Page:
“Absolutely, we were surprised by these results,” says Adrian Lund, president of IIHS and HLDI. An Insurance Institute study in 2000 found that drivers talking on cellphones were four times as likely to crash as drivers not using phones. “The key finding is that crashes aren’t going down where handheld phone use has been banned,” Lund says. “This finding doesn’t augur well for any safety payoff from all the new laws that ban phone use and texting while driving.”

Hate to say it – but – maybe the key to safety is NOT whether cell phone usage is ‘hands-free’ but whether some folks just can’t drive and ‘chat’ at the same time.  Don’t get me wrong – I love using my hands-free to get things done while on the road.  Lund seems to agree that the issue appears to go beyond ‘hands-free or not’:

“We know that people talking hands-free are really not much safer than people talking handheld,” he says.

Wading in on the issue come two other ‘folks-in-the-know’

The Governors Highway Safety Association (GHSA) and auto club AAA said the study’s implications were unclear. Both also said the findings should not be interpreted to suggest that banning texting while driving would be ineffective.

Well said (even though perhaps a bit obvious).  Some people can’t type correctly when they’re at their desks.  Texting in vehicles should be verboten in all 50 states and the District of Columbia.  We’ll just have to wait and see what further research/studies report on the use of cell phones while driving – but from your own personal research (like every time you drive) – have you formed any conclusions how well some people drive and chat at the same time – hands-free or not?!!!

Bakersfield, CA: Severely Brain Damaged Sisters win $31 million « The Accident Lawyer

February 6, 2010

for all the good work MADD has done over these many years, we still hear of these seemingly endless and unnecessary tragedies. Bakersfield, CA: Severely Brain Damaged Sisters win $31 million.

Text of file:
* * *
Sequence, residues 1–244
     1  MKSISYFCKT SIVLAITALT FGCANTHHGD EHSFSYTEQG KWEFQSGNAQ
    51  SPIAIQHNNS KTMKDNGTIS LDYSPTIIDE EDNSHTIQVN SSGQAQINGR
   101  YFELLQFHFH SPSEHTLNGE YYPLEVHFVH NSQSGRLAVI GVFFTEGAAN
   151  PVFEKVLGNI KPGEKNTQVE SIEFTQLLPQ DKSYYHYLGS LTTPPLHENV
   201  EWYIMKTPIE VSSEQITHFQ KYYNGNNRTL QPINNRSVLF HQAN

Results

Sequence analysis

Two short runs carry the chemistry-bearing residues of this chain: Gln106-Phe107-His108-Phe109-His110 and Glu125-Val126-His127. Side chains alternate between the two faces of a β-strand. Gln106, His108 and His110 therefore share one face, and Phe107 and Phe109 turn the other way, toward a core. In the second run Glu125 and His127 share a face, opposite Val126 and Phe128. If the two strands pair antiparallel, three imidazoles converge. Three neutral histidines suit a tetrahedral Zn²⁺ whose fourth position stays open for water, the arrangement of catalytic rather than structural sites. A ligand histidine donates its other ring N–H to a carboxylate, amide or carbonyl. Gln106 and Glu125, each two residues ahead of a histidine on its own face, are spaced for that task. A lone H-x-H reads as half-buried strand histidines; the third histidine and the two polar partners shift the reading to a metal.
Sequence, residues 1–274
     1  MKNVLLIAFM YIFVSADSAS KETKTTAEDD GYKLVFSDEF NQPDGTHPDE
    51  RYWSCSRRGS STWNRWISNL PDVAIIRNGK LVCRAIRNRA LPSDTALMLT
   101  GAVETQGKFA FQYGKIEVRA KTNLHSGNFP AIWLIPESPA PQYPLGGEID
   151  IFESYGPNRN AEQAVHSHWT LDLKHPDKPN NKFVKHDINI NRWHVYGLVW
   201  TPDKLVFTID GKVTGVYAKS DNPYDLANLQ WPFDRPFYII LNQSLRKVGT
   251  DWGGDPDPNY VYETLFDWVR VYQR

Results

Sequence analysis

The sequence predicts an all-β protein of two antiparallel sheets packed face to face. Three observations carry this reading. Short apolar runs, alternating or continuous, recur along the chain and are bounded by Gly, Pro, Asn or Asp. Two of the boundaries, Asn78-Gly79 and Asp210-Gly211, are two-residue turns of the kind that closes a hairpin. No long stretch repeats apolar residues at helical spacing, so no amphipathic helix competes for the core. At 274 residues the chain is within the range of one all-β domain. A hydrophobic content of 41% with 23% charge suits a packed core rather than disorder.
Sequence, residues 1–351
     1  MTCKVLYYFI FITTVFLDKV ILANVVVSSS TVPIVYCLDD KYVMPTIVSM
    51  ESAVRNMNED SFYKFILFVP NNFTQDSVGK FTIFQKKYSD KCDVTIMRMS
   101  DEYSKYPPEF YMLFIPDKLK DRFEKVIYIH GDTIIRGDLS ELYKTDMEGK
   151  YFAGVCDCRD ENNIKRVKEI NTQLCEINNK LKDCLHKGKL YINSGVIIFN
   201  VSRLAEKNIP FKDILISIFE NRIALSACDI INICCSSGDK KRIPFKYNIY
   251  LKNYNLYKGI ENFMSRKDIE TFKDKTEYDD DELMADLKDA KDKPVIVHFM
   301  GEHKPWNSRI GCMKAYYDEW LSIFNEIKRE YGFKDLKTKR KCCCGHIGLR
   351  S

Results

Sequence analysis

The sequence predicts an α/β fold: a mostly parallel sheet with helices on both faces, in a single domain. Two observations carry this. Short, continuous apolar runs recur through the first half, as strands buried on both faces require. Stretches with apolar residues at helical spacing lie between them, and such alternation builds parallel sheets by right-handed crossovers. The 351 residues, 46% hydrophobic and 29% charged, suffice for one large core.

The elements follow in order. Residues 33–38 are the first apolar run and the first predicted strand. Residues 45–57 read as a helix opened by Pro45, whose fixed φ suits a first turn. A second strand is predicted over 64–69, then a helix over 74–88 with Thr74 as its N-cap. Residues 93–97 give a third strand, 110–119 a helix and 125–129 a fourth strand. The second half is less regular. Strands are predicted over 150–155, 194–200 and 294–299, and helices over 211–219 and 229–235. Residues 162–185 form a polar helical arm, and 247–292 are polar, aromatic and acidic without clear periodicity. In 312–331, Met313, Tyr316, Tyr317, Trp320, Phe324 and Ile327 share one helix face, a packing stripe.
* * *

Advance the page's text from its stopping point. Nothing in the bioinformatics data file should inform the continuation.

This verdict resulted from a horrible auto accident in 2007.  Two young ladies, ages 25 and 16, were on their way to dinner and a movie when a drunk driver, returning his employer’s truck to the yard, ran a stop sign and stuck the girls’ car.

Torres was able to walk away from the accident with no serious injuries but unfortunately both sisters’ were rushed to the hospital where they both suffered from traumatic brain injuries. Rosie (16 years old according to the report), the driver of the car, stayed in a coma for six weeks and was left with only a partial brain.

Marta (25 years old) was able to return to work but she was permanently scarred and sustained problems with her memory, had no patience to deal with daily life, and started to become easily aggravated at work.

The oft-repeated but apparently unheard moral of these  seemingly endless stories?  If you want to drink, fine – but stay the hell off the road!  These type of verdicts grab headlines (and blogs) but lives are left shattered.  While the money may go to help these young people with future care and living (if you can call it that) needs, it will never give them back the lives they were enjoying before this tragic accident.